Friends: “The One With The Monkey”/“The One With Mrs. Bing”
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Friends: “The One With The Monkey”/“The One With Mrs. Bing”

“The One With The Monkey” (season one, episode 10; originally aired 12/15/94)/“The One With Mrs. Bing” (season one, episode eleven; originally aired 1/5/95)

Joe Reid: Two subjects that haven’t gotten a lot of attention thus far get the spotlight in these two episodes: Chandler’s family life and Phoebe’s romantic life. Well, really any storyline specifically about Phoebe at all. In “The One With The Monkey,” Phoebe has her first meeting with recurring scientician David, and his nerdily sweet superlatives about her beauty (as relative to Daryl Hannah) win her over. The only snag is that he and his partner have a job offer in Minsk (which, sorry Max, you big know-it-all, is in Belarus and not Russia). It’s no surprise to see that Phoebe is both a romantic and attracted to nerdy oddballs, nor that Phoebe in love is one of the most endearing facets of any of the Friends. But in particular, the scene on New Year’s Eve where Phoebe conducts both sides of David’s breakup conversation with her is such a delicate little dance of sweetness, sadness, and goofy humor, it instantly justifies Kudrow’s first-season Emmy nomination (“The One With The Monkey” was one of two episodes she submitted for consideration). 

As for Chandler and his mother, while Nora’s appearance puts a human face (and quite the glamorous one—hey there, Morgan Fairchild) on his numerous stories of childhood trauma, it’s still a rather prosaic and highly telegraphed storyline. Ross’s hapless whining about Rachel and Paulo and Nora’s excesses of sexuality are on a collision course from the beginning. More than that, while Matthew Perry does strong work in selling Chandler’s betrayal at the hands of his mom and his best Ross, it never truly feels like anything is truly at stake in their friendship. Sometimes, the more corny the weekly plot obstacle, the less you’re able to really invest in the fallout.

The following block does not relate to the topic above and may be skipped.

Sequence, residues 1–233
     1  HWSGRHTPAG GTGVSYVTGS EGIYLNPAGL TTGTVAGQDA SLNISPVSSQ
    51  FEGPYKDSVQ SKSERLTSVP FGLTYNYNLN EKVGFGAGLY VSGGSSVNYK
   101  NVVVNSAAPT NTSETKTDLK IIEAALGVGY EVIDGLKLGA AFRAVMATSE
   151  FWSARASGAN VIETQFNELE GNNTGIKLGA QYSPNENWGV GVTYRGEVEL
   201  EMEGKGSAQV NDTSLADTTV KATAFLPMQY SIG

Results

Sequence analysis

Sonia Saraiya: Well, Joe, I just Googled Minsk, and Minsk was in Russia for over 100 years until the fall of the Soviet Union, which happened… before this episode of Friends… so… uh, never mind, there is actually no good reason whatsoever that the show thinks Minsk is in Russia.

Phoebe is perfect in “The One With The Monkey”—it’s an episode that demonstrates how charming her space-cadet quirkiness can be, rather than just how funny it is. As you said, her breakup with David is lovely; one of the most emotionally affecting scenes of the season so far. I really like it when Friends can bring together the emotional resonance of a scene and the humor behind it; at its best, I think it’s able to deftly switch back and forth between both modes. Again, as you say: a delicate little dance.